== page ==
How do I know if I am working in a hostile work environment?

A “hostile work environment” is a legal term that refers to verbal or physical harassment in the workplace against certain protected classes of people.

A supervisor being rude, or an employer simply disliking an employee and deciding to make them unhappy until they quit, or even firing them, do not fall under legally-defined hostile work environment unless the treatment is based on the employee’s membership of a protected class. Under California law, people are in “protected classes” on the basis of:

  • Race or Color
  • Religious Creed
  • National Origin or Ancestry
  • Physical Disability, Mental Disability or Medical Condition
  • Marital Status
  • Sex / Gender
  • Sexual Orientation
  • Gender Identity or Gender Expression
  • Age
  • Military or Veteran Status
  • Genetic Information

It is sufficient that the person doing the harassment believes that the individual is a member of one of these protected classes, even if that is not the case.

Harassment can take many forms, such as offensive language or writing, pictures or printed materials, pranks, jokes, sexual innuendo or other forms of harassment. A few examples include racial slurs, sexually suggestive pictures, inappropriate jokes that single out people from a different country or ridicule of an employee because of his or her disability.

Under California law, a work environment can be considered hostile if the conduct is so severe and pervasive that it alters the conditions of the victim’s employment. A reasonable person would have to agree that the hostility interferes with the employee’s ability to do their job, causes emotional distress or disrupts their career progress. The California Legislature and court decisions make it clear that sexual harassment does not have to be motivated by sexual desire for the victim.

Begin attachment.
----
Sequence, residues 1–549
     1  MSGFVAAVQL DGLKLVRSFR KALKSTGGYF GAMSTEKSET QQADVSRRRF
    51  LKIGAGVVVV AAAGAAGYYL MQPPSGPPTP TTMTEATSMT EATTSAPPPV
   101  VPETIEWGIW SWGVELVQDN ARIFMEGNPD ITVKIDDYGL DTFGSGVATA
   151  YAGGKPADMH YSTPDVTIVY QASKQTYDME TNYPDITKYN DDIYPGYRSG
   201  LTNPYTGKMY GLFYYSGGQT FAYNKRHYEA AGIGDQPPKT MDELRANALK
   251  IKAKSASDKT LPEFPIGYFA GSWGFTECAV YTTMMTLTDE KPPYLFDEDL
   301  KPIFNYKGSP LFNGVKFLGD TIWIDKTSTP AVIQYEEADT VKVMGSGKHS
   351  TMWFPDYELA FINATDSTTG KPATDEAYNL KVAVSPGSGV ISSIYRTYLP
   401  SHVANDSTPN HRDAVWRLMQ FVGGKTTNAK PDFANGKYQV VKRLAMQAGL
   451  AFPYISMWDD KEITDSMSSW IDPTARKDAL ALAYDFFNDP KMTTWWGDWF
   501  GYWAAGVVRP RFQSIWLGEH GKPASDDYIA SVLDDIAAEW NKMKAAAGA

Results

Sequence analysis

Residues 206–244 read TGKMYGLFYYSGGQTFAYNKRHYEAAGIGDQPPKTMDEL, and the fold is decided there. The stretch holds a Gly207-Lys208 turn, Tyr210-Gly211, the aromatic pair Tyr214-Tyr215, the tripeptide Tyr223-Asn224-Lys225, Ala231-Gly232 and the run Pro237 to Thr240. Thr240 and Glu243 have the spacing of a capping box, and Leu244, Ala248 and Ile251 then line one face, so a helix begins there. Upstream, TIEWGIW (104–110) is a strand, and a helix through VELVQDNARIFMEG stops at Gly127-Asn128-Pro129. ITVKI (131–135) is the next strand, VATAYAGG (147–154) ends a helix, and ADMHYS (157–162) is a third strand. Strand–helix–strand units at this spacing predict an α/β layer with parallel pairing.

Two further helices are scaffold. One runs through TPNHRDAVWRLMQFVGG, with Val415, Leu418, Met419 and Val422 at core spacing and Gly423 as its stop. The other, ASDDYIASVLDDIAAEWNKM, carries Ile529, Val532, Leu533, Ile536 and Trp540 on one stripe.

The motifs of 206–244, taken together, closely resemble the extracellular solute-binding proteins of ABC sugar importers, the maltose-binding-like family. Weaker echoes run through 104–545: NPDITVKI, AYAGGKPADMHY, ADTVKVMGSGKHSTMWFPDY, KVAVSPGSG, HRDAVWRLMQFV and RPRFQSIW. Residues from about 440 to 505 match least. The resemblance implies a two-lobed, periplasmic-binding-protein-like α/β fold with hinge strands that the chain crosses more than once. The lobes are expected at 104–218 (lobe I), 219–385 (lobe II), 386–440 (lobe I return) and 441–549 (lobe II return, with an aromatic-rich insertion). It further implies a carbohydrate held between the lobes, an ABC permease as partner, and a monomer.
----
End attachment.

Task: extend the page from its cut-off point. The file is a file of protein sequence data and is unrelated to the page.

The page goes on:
The law also requires that the employer know or should be aware of the conduct. This requirement is met if the harassment was committed by a supervisor or person with authority, or in the presence of one, or the employer was informed of the situation. Once the employer is aware of the issue, it may be legally liable if it does not take immediate and appropriate corrective action.

Even if a complaint was made to a supervisor about what the employee perceived to be a hostile work environment, they may have legal recourse if the employer should have known it was occurring. It is best to consult with an experienced employment lawyer to determine if one has a case.

If an employee’s job performance suffers or they fear going to work because of offensive behavior at the workplace related to their actual or perceived membership of a protected class, McCormack & Erlich has an extensive background helping individuals experiencing a hostile work environment.

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